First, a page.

This handout image provided Tuesday, July 25, 2017, from the U.S. Navy purports to show an Iranian vessel making a close approach to a U.S. coastal patrol ship USS Thunderbolt, right. The U.S. Navy patrol boat fired warning shots near the Iranian vessel that American sailors said came dangerously close to them during a tense encounter in the Persian Gulf.
A US Navy patrol boat fired warning shots on Tuesday near an Iranian vessel in the Persian Gulf. Tehran slammed the incident as “a provocation.” In an interview with Sputnik, military expert Dmitry Litovkin said that the mere presence of US warships in the Gulf is fraught with unpredictable consequences.
Iran’s Islamic Revolutionary Guards Corps (IRGC) blamed the American vessel, the USS Thunderbolt, for provoking the tense encounter.
It said that the US ship had come dangerously close to the Iranian naval ship on a patrol mission in international waters the north of the Gulf, and fired two warning shots “with the intention of provoking and intimidating” the Iranian sailors.According to Iran’s Press TV, the Iranian ship ignored the Americans’ “provocative and unprofessional act” and proceeded with its mission. The IRGC later said that the US ship had left the area.
In an interview with Radio Sputnik, military expert, Captain 3rd Rank, Dmitry Litovkin said that there is no place for the US Navy in the Persian Gulf.
“The Persian Gulf is very far away from US territorial waters. Still, it was the American ship that opened fire. Iran is washed by the Persian Gulf and has a security zone there, which it controls. What the US Navy is doing there is a very big question,” Litovkin said.
He added that the Americans have several big naval bases in the region, which apparently control oil traffic in the Gulf.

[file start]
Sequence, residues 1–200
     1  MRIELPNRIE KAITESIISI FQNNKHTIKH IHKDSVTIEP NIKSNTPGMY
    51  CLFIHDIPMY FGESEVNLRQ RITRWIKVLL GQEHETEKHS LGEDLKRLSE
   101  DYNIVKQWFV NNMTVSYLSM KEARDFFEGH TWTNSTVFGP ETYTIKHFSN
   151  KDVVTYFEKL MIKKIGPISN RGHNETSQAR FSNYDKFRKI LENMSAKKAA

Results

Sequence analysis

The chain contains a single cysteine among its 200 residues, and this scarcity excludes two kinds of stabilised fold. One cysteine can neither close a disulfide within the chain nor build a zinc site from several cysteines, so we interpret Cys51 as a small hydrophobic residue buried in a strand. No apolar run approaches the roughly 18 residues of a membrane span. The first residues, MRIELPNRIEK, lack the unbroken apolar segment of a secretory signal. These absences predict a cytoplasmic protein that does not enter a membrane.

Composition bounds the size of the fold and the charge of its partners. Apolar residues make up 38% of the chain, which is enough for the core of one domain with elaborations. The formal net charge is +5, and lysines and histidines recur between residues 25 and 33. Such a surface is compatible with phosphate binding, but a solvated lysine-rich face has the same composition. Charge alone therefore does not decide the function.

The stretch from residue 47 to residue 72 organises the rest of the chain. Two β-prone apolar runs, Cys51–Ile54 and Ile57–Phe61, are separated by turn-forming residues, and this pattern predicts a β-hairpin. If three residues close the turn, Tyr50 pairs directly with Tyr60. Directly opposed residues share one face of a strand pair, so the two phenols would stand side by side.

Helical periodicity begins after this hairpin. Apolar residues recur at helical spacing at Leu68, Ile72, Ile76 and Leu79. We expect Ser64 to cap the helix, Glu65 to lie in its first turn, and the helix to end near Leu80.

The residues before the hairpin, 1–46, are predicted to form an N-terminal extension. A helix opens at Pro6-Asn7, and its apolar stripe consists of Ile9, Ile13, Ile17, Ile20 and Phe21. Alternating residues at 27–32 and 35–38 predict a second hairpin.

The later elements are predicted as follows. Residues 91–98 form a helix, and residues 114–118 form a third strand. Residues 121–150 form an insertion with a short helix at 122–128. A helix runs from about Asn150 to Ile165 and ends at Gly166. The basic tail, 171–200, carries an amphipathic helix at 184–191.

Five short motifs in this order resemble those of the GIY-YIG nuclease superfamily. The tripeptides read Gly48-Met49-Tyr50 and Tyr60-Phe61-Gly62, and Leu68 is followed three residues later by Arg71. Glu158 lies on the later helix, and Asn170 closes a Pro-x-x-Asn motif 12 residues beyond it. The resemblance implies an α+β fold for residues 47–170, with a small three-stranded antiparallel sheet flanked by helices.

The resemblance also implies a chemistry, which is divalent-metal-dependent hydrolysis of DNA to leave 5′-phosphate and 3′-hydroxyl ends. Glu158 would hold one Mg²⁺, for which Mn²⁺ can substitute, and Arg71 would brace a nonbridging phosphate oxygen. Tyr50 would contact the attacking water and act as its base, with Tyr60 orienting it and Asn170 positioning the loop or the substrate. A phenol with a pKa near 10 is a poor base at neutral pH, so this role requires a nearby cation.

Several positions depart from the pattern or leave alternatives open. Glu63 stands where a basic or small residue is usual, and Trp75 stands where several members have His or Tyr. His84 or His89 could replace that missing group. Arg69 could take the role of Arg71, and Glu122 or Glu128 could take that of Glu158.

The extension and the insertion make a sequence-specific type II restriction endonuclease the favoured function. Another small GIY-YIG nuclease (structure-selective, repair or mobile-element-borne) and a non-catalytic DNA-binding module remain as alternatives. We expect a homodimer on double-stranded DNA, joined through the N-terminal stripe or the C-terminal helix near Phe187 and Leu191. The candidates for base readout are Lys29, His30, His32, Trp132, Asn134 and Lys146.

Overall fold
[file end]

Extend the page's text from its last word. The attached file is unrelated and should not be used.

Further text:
“From the standpoint of the International Law of the Seas, the Americans’ actions in the Gulf are absolutely illegal. What are they doing there? They are conducting a military operation in Iraq and trying to impose democracy on Syria. All the other countries in the region which are against this are thus seen as being in the way,” Litovkin noted.
He said that the US was doing much the same in other parts of the globe.
“I remember how a Russian fighter jet ”buzzed” a US destroyer in the Black Sea, turning on its electronic jammer and forcing the  shocked Americans to beat a hasty retreat. However, it was the US ship approaching our shores, not our plane flying towards the US coast. It’s a case of who is at home and who is not,” Dmitry Litovkin emphasized.
In a similar incident in August, Pentagon officials said Iranian speedboats had “harassed” US warships in the Strait of Hormuz. They claimed that Iranian boats moved close to two US Navy destroyers with their weapons uncovered in the strait in an “unsafe and unprofessional” encounter.Based on the United Nations Convention on Law of the Sea (UNCLOS), Iran has the right to “decisively confront” any menacing passage through the Str
ait of Hormuz, according to IRGC second-in-command,  Brigadier General Hossein Salami then told Press TV.



The military thinks bolstering its presence in the